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article imageLicensing for malware- with threats attached

article:254071:6::0
By Paul Wallis     May 1, 2008 in Internet
The people who write the software for creating zombie nets are trying to protect their intellectual property. Redistribution is prohibited, as is examining the code, etc. If you’ve seen an end user license, you’ve seen it.
According to their blog, Symantec found the license on some Russian software:
The terms of this licensing agreement place the following restrictions on the client (the buyer). (The below is not a word-for-word translation.)
2. The Client:
1. Does not have the right to distribute the product in any business or commercial purposes not connected with this sale.
2. May not disassemble / study the binary code of the bot builder.
3. Has no right to use the control panel as a means to control other bot nets or use it for any other purpose.
4. Does not have the right to deliberately send any portion of the product to anti-virus companies and other such institutions.
5. Commits to give the seller a fee for any update to the product that is not connected with errors in the work, as well as for adding additional functionality.
Looks pretty normal, apart from the subject matter, doesn’t it?
Now, bizarrely, comes the “threat”:
To give anti virus companies the binary code, if they breach the license
As a lame threat, this one was lamer than most. Symantec says the thing was being traded happily online after it was released.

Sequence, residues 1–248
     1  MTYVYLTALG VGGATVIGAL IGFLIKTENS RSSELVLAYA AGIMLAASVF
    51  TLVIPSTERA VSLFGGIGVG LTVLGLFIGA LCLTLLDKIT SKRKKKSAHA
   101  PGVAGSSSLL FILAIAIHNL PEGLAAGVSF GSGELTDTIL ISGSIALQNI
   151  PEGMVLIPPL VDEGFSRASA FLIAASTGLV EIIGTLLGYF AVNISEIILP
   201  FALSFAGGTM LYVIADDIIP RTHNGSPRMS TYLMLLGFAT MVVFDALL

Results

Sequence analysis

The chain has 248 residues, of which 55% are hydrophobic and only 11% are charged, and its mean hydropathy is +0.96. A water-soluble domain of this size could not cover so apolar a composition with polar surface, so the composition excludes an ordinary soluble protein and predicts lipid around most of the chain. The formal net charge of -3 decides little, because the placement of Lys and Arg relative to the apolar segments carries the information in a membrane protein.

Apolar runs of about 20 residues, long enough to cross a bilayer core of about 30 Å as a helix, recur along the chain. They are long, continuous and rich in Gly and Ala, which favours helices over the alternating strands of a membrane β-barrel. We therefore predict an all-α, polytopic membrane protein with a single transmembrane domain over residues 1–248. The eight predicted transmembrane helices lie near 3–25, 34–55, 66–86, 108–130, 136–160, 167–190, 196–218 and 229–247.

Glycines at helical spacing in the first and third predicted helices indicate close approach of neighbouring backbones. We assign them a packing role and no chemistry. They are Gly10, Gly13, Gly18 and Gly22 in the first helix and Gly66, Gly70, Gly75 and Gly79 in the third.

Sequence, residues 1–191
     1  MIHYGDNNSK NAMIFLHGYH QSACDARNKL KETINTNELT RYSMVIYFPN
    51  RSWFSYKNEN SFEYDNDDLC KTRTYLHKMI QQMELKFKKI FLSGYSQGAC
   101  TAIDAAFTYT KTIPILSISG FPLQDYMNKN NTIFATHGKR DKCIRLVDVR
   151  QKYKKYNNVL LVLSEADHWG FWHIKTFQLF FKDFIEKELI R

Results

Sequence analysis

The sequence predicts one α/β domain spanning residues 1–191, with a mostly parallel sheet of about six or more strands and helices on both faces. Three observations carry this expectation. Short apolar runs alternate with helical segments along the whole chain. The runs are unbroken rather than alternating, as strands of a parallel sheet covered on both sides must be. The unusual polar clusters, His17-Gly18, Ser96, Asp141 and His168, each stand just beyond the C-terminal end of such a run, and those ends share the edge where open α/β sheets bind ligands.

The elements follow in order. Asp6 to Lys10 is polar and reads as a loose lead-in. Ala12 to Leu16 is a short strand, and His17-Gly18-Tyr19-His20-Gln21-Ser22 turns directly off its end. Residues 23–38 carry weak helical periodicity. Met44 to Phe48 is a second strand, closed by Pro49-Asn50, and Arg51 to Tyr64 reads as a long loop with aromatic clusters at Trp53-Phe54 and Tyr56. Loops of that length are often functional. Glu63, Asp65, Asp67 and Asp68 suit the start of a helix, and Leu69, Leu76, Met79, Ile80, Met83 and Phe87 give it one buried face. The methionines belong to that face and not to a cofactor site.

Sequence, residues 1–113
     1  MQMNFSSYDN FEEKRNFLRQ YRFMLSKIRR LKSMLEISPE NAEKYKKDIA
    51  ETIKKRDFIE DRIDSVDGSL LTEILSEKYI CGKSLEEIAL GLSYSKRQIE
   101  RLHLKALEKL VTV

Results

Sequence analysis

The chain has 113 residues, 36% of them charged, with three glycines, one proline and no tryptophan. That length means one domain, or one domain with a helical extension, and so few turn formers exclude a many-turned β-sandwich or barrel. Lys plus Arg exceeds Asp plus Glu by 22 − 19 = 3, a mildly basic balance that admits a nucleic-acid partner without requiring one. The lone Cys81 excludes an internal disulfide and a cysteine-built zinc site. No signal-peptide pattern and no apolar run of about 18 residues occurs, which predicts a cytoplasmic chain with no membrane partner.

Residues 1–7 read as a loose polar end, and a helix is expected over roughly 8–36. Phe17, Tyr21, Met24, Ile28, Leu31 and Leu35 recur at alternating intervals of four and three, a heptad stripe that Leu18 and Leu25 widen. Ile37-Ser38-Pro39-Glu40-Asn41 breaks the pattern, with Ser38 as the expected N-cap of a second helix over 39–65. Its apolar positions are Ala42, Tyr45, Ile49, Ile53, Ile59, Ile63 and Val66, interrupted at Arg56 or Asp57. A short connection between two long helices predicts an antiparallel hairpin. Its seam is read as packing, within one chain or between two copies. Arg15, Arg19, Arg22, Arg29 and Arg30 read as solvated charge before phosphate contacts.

To clarify this position-
1. You’re the person who wrote this nasty code,
2. You know who you sold it to,
3. You have the technical ability to find out to whom it was on-sold.
4. You go to the trouble of putting a license and related threat on your code.
…And nobody gives a damn.
This is pretty strange, because most real hackers aren’t toothless. They’re capable of doing serious damage. Yet whoever this was knew where to sell their stuff, which means knowing the market pretty well, because these are not terribly social people, and don't advertise. Whoever made the bot builder just wasn't taken seriously.
The code, of course, by now will have been sprayed all over the net, analyzed, copied, reworked, improved, and maybe put in a museum somewhere. From hacker to charity isn’t a big step, apparently.
According to the Sydney Morning Herald, Symantec are pretty amused.
"We know they can't actually enforce it, and they probably wouldn't try," Ramzan said. "What's funny is they put more effort into their EULA (end-user licence agreement) than traditional software companies might."
Suggestion: Look for a very upset, out of pocket, Russian IT guy who works for a law firm.
article:254071:6::0
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